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by David Lucas & Stephen Moore
Look at the charts. Go on, have a really good read. Notice anything? I'll wager that there's a flimsy excuse for a single at the top, and it's probably a new entry. Only a few years ago if you'd wanted to bet on the No. 1 being a new entry you'd have got fantastic odds, and lost your money. Not today though, in fact now it's pretty much accepted practice for singles to top the charts after their first week.
Long gone are the days when you earned the coveted No. 1 through weeks of insistent airplay and gradually worming your way into the public's consciousness. Nowadays if you don't get to No. 1 in your first week, you can give up on ever making it.
The fact is that since the mid-90s there have been more No. 1s in the UK charts than ever before. It's not so much a chart as a conveyor belt. Singles drop in as far up the chart as they can, and then proceed to make their way down until finally passing the magic 40 mark, past which we generally stop caring. Very occasionally someone manages to claw their way up a few places, but it's the exception, not the rule.
Artists like Oasis, Britney Spears and All Saints seem to be catapulted straight to the top of the chart, forcing whoever was there to take a dive. These days to get to No. 1 all you need is a committed following, or in some cases a following that ought to be committed, and a bit of an advertising push. It's very different to the 50s, back then only one song entered the UK chart at No. 1!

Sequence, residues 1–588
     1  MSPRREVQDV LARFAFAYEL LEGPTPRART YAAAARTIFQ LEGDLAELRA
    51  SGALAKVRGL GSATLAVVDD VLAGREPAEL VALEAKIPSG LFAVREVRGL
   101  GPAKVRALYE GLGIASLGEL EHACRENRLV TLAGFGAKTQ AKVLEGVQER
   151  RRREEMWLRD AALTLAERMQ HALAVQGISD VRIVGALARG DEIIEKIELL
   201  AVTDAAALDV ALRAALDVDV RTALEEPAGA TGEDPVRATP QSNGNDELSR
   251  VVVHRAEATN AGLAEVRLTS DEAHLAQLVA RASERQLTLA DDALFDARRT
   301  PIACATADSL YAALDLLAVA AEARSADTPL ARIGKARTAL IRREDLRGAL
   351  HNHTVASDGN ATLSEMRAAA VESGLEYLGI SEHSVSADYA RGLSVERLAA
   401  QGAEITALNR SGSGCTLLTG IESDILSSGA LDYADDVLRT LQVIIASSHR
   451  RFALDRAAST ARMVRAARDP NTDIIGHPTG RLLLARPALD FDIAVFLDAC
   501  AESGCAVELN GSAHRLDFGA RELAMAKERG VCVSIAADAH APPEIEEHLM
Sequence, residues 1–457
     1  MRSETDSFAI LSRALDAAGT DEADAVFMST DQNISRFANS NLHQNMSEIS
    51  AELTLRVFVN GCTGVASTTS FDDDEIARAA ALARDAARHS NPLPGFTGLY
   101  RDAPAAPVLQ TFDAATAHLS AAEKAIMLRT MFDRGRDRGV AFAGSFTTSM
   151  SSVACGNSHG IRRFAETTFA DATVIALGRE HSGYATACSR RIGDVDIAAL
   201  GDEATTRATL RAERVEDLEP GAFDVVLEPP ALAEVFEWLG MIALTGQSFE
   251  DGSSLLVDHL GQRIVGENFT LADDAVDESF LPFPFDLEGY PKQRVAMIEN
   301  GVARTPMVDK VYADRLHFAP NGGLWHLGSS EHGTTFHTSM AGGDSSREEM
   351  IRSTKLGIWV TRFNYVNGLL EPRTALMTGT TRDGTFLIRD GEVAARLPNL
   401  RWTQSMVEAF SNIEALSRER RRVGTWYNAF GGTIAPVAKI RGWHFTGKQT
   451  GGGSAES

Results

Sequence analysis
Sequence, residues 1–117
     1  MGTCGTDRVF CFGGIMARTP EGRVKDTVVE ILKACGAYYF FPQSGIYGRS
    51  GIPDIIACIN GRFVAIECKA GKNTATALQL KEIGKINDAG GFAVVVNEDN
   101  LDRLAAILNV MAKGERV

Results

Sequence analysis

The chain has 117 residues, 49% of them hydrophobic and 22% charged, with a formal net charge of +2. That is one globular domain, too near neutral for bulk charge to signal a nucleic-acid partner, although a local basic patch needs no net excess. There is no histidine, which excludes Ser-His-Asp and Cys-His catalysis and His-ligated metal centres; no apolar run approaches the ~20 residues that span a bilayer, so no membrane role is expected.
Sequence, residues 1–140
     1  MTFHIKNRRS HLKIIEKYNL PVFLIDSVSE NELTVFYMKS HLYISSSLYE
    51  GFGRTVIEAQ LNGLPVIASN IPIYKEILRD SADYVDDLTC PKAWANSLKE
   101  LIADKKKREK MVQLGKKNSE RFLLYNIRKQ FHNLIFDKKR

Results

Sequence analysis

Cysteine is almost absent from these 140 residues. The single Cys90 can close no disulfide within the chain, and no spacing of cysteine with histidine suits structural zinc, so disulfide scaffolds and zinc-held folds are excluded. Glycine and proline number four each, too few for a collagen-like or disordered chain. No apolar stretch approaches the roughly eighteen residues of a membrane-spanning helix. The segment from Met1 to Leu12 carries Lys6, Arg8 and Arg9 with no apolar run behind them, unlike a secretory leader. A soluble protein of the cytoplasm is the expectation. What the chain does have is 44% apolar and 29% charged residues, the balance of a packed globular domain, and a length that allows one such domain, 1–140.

The rest of the world isn't like this, so why is the UK so different when it comes to singles? Look at America for example, over there singles start low and work their way to the top of the chart. Between '97 and '98 there were 179 singles in the US Top 20, that's all, that's one and a half new singles coming in per week. Meanwhile in the UK we had 757 singles in the Top 20 over the same time, that's more than seven new ones a week. If you analyse it further, I'm pretty sure you'd find most of the changes in the UK happened in the Top Ten.
Let's look at Britney Spears' debut for example. In America "Baby One More Time" entered at seventeen, which is really quite high, and hung around the charts for weeks before finally making the No. 1. In the UK the same song was propelled to the No. 1 the same week it was released. It managed to stay there for another week, something which is unusual these days in the UK, before finally starting to make its way down and out of the chart.